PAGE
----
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I recently attended an industry-leading show called SMX East in New York City. The amount of information at this three day conference was staggering, and it is amazing how quickly the search marketing landscape changes from year to year. One thing which has been consistently on the increase, however, is YouTube’s share of the search market. Here are some interesting statistics, as well as YouTube best practices to help you succeed on your own.

  • YouTube Users: >1 Billion worldwide (as of 4/21/14)
  • YouTube estimated 2014 revenue: $4 Billion
  • Average time spent on YouTube per mobile session: 40 minutes (as of 7/19/15)
  • Percentage of small businesses that use YouTube: 9% (as of spring 2015)

*These, and many more statistics, are available here and here. What does this mean? You’re missing out if you’re not participating in YouTube with your small business. As of this past spring, only 9% of small businesses are taking advantage of this free resource! And most people don’t realize it, but YouTube is the second most popular search engine on the web. Yes, YouTube is most definitely a search engine. Particularly for product research and how-to, YouTube is a highly trusted source for information. Being a company that delivers to customers what they are looking for on YouTube is a recipe for success.

Here is a consolidated list of YouTube best practices you should follow:

(Drawn largely from a presentation by Gene Skazovski, full presentation listed at the end for further learning)

  • Name your video wisely! A good title directly impacts your click through rate (CTR)
    • Bring attention with relevant terms, such as: Official, New, DIY, Tips, How-To, Testimonials, Reviews, Free, Video, Amazing, Case Study, Tutorial, and more.
  • Provide an accurate, relevant description. Don’t “stuff” it with keywords. Use them in ways where it makes sense to the user who wants to learn about what you’re offering.
  • Use video tags – up to 20 RELEVANT keywords. Think Brand Name, Competitor Names, Interest Groups, Audience Types, Genre, Geography. Note: Update/Swap tags on videos 2-3 times per year. More information here.
  • Closed Captioning: There are over a million YouTube Viewers who are hearing impaired and even more who don’t speak the language your video is in. Creating a closed captioning file for your video not only serves a wider audience, but the text also serves as meta data to help your video be more visible! Learn more here.
  • Promote the video by linking to it! Use relevant anchor text, allow embedding (if applicable), Share your video across the web via referral sources and social media.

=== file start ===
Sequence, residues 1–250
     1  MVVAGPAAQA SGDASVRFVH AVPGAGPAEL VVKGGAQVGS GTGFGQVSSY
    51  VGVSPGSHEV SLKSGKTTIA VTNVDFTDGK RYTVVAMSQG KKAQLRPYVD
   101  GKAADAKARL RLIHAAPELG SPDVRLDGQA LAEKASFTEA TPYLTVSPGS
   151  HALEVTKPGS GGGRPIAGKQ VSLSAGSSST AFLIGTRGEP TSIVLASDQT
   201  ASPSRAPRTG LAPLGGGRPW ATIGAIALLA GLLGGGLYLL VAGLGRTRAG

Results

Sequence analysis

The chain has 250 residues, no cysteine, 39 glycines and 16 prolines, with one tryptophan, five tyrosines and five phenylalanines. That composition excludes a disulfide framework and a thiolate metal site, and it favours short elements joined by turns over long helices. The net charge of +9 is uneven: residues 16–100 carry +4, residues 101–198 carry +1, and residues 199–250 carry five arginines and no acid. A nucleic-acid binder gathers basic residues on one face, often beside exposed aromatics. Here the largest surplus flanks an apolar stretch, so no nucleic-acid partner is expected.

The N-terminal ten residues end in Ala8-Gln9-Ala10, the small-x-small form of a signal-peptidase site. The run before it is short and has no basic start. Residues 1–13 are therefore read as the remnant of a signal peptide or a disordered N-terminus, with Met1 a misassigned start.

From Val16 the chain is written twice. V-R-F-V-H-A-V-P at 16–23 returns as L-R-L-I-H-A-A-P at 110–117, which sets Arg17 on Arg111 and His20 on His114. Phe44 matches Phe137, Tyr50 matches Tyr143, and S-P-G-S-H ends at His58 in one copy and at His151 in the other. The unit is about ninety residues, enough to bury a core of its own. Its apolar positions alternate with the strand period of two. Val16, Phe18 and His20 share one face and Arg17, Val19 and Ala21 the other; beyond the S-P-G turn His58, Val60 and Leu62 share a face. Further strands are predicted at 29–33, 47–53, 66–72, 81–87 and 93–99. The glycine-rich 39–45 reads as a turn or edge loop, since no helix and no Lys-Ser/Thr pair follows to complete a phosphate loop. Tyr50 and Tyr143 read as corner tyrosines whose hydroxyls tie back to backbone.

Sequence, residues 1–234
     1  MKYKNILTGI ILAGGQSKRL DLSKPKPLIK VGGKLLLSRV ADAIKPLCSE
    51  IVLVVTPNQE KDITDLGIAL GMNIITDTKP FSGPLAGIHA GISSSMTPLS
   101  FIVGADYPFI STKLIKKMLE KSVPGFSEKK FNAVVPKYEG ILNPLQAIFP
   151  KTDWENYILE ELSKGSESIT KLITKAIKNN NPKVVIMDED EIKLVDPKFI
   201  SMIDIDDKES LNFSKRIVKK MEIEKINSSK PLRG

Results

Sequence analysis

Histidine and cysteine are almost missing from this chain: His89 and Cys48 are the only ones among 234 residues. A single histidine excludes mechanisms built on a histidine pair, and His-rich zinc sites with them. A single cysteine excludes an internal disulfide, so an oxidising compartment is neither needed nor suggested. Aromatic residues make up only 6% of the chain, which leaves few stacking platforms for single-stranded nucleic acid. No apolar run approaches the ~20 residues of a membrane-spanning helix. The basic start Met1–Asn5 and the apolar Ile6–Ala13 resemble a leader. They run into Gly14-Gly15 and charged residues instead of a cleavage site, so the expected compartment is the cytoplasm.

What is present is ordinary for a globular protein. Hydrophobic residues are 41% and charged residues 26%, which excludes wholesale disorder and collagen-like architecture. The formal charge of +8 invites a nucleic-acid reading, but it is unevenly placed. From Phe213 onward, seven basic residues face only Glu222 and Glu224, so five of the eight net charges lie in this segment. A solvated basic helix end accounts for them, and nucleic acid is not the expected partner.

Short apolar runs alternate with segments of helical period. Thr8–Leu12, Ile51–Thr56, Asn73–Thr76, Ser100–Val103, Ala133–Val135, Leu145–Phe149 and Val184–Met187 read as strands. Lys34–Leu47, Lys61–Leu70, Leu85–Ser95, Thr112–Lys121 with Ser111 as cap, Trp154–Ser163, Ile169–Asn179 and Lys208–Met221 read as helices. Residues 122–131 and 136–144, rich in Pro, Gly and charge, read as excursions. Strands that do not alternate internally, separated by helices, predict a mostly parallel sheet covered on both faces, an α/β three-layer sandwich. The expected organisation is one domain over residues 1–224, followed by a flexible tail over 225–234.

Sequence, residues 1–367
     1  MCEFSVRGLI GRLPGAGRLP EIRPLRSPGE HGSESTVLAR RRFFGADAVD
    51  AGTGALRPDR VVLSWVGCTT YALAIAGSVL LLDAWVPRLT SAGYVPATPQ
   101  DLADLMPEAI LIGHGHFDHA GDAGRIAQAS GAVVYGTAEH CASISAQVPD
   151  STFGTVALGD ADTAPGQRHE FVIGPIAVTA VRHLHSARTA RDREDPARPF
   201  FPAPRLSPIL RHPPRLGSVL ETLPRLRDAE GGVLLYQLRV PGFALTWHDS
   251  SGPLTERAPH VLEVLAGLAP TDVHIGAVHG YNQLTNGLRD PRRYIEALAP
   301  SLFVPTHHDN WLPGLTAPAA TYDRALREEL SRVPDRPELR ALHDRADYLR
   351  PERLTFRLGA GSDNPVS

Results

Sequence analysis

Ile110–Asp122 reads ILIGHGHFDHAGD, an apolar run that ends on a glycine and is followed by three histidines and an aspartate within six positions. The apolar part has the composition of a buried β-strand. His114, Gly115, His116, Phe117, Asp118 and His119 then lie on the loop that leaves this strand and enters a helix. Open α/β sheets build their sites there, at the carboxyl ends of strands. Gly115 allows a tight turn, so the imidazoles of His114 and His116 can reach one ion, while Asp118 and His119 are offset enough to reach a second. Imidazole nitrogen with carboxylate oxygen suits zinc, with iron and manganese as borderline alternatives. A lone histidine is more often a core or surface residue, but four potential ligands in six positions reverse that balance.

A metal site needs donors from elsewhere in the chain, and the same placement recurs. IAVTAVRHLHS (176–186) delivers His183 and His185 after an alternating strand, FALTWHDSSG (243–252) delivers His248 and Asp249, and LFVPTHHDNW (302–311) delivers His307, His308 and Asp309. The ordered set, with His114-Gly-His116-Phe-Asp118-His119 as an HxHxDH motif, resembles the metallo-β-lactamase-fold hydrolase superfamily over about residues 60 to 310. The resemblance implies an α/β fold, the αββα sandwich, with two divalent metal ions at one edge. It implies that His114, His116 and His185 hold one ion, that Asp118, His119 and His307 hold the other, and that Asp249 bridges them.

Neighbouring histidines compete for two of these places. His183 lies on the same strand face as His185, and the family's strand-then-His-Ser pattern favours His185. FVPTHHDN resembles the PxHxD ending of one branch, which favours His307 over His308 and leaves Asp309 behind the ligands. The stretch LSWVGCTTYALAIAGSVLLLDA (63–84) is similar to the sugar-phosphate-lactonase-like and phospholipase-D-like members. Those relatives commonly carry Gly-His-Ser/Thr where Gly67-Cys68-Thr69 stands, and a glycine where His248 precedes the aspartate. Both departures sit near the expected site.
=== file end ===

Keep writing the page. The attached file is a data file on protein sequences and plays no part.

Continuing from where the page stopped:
• Make your video useful! Don’t just post a video for the sake of posting it. Create something useful to your targeted audience. If you ignore this one, you have a lot of potential to waste time, effort and money, none of which small businesses can afford to do.
  • As your channel grows, organize your videos into playlists – YouTube uses AutoPlay, and many users take advantage of this, increasing their watch times significantly.
  • Monitor your comments! Users are going to give you feedback if you let them. Respond to comments and engage with the viewers. They’ll likely give you ideas for more content in the process too.
  • Advertising on YouTube – There is a whole science and strategy behind this which won’t fit into this space. Just know that if you don’t have the capacity to create your own content, there are opportunities to advertise on YouTube if you have a budget. Companion Banners, In-Video overlay ads, and many more are available.
  • Don’t forget your call to action! Include contact details such as website or phone number; overlay details for resources mentioned in the videos; include your brand on the video. If your content is good, a percentage of users are going to want to go to the next level. Not giving them that avenue is a wasted opportunity.

Here is Gene Skazovski’s presentation in its entirety:

YouTube is an outstanding resource. For me personally, my car would probably not be running today if it wasn’t for some great how-to video resources. I also turned to YouTube to research a new rifle I bought for this hunting season. A model which I had never considered in the past, but after seeing the results on YouTube I was sold. Many other users just like me are looking for answers on YouTube, the question is: will you be there to answer them?

Still want more? Here are more recommendations from Google themselves.

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